In my estimation, a two-stage trigger in any rifle offers the most secure, precise and safest function. Two-stage triggers appeared in U.S.-issue service rifles, such as the 1903, M1 and M14. But for the AR-15/M16, it took the civilian-side aftermarket to create the two-stage trigger. The main reason other military-use rifles carried two-stage triggers is, primarily, because they are safer. There are other attributes to discuss, but safety is the main point in favor of a two-stage.
There are a good many two-stage triggers available now for the AR-style rifle platform. Development of available adaptations has been ongoing after introduction of the original and patented design by Charlie Milazzo. Most are knock-offs of his MKII; some are as good, some may be better, but the majority, in my opinion, are also-rans. A lot of fine work goes into producing a truly good trigger.
I’m often in the company of a gamut of AR-15 users, and the leading initial reactions from someone who first fires one of my competition guns results from the trigger function. “Whoa, how do you have so much creep in the trigger?” Fair question, because that’s what a two-stage trigger feels like. But from a functional standpoint, it’s not creep.
The two-stage trigger design features a tensioned first-stage movement or “take-up” prior to engaging the sear lever. The take-up of the first stage begins to minimize the amount of sear engagement, until it “bumps” into the second stage. This bump stops rearward trigger motion, indicating that the sears are then at minimum engagement. Depending on how the trigger has been adjusted, it may take only a few more ounces of rearward trigger pressure to cleanly overcome the second-stage weight and fire the shot. Because the sears are not minimized until the first stage is taken up makes a two-stage a safer trigger. Two-stage trigger sears have a large amount of sear overlapping until the first stage has been completely activated, that is, pulled through.
First stage added to the second stage is the total pull weight. So, it’s possible to take a majority of this total weight out of the pull in an effectively unnoticeable manner. A two-stage trigger is a better platform for breaking an accurate shot because it is easier for the shooter to feel the remaining additional weight (the second stage) as opposed to overcoming the total pull weight for a single-stage trigger. On my competition rifles, which have the very best two-stage triggers installed (and a whole lot of tuning time expended), I set the second stage to a relatively light weight.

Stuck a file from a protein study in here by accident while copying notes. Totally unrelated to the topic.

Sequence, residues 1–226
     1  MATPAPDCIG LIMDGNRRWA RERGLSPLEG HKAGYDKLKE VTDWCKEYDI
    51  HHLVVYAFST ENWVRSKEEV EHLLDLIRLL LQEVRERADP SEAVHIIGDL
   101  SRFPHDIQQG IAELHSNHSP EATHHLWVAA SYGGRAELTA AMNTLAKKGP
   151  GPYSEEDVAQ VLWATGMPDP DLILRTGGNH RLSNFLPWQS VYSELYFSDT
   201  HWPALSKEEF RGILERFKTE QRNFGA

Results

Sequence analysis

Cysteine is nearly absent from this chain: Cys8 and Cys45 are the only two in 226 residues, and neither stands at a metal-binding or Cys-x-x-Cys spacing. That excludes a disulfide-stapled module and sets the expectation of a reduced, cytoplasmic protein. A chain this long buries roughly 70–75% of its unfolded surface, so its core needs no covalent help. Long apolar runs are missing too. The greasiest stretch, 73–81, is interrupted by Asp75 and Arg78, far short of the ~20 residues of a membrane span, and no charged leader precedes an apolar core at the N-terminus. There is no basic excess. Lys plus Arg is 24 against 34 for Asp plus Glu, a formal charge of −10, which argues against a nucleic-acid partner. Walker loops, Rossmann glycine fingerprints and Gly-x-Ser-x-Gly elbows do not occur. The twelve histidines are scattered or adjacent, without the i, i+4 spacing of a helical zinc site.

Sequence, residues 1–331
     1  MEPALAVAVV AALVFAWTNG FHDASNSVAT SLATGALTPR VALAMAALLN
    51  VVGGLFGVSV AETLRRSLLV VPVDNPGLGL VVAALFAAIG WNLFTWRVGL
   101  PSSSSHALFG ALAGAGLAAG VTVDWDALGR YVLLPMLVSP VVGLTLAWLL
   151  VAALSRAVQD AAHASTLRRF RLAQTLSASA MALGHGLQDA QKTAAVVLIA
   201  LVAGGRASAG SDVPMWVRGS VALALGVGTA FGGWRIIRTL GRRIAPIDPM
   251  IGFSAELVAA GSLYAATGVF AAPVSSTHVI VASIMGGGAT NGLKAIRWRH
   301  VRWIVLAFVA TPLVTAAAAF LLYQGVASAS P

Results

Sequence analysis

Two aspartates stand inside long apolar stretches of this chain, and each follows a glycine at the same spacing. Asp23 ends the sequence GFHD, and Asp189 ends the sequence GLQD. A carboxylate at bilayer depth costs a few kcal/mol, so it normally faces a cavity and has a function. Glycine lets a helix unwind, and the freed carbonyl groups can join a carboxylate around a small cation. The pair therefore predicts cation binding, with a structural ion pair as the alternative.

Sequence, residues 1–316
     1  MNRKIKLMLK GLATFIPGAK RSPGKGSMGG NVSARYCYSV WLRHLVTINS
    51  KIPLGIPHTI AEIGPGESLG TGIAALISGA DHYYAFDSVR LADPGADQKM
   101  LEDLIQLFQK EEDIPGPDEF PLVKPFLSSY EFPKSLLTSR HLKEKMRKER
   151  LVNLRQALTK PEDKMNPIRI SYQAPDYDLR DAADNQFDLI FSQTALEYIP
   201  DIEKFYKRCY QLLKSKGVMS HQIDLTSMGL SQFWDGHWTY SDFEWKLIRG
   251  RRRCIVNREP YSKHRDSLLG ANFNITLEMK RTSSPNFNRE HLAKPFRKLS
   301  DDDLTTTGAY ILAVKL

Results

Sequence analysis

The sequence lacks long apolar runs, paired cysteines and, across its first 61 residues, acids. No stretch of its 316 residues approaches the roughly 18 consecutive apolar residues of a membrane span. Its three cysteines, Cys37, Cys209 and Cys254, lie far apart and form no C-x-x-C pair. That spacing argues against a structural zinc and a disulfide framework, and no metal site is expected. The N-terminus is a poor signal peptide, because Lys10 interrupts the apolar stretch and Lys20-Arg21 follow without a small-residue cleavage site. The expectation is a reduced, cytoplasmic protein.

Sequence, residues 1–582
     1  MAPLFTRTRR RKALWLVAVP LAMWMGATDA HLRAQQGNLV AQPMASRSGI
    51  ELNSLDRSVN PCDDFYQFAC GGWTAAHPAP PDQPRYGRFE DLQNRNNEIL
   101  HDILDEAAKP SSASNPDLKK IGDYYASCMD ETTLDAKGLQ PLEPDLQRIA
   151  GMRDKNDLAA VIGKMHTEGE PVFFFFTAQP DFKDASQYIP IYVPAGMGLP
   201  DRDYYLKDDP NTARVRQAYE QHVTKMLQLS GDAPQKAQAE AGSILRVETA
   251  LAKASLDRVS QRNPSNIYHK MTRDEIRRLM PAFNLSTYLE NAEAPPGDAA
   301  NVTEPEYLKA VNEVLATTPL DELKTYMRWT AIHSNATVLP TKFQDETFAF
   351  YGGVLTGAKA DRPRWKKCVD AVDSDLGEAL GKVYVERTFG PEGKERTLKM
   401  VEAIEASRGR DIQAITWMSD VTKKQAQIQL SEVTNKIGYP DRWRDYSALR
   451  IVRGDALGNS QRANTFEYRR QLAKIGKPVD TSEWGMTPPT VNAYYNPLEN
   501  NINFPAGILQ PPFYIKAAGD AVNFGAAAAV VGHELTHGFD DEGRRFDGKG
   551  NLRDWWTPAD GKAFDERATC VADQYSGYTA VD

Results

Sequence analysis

Again, the safety point: If we have a second-stage break weight of 1 pound, after overcoming, say, 3 pounds of first-stage takeup, that is a far safer trigger than the 1-pound break weight single-stage necessary to duplicate the effective break weight of the “4-pound” two-stage. Follow?
Unlike a single-stage (which simply releases after so much pressure is applied, with no prior movement), the shooter can put his finger on the two-stage trigger face, prepare for his shot, and then reconsider it. Back it out, and start it over. With a single stage, when the finger goes on the trigger, the next thing that happens is the shot, or the finger comes away from the trigger face entirely to stop the process. There’s much more “connection” controlling a two-stage let-off.
Better is better. The question is always how good do you want? The “drop-in” and non-adjustable two-stage triggers out there are better than almost all stock triggers, immeasurably better, in my estimation. That said, tuning two-stage triggers requires a little creativity, but the better two-stage (and single-stage) “match” triggers have provisions for second-stage engagement adjustment. First-stage takeup weight can be adjusted with altering or replacing trigger return springs.
What’s less than ideal about two-stage triggers? Foremost is cost. But that’s something each shooter can decide to absorb, or not.
Second, I’m not convinced they are all reliable. I’ve not had one of mine malfunction, but I have had them change and require tune-up. The only trigger malfunctions I’ve encountered have been in tricked-up single-stage units. Keep a two-stage model well lubricated and clean, and it will deliver consistent let-off results, in my experience.
Another factor to note is that the distance to reset is greater with every two-stage I’ve encountered. By that I mean, how far the trigger must move forward after firing to reset the hammer for the next shot. If someone is trying to shoot rapid-fire as quickly as possible, a two-stage will slow things down. That was one of the first things I noticed when I first fired an AR-15 two-stage trigger. Compared to my previous competition NRA Service Rifle, the M1A, it felt like an eternity before I could get settled in for my next shot. The trigger in the M1A can be tuned so there is only a miniscule lessening of pressure on the trigger face necessary to reset, so it’s possible to shooter faster when the conditions and course warrant it.
Still, after you get accustomed to one in your AR-style rifle, a two-stage is the only way to go, in my opinion. A two-stage not only allows for more precision in firing, but it’s safer to use.
Do you own any two-stage triggers? What do you like, or not like, about them? Tell us in the comments below: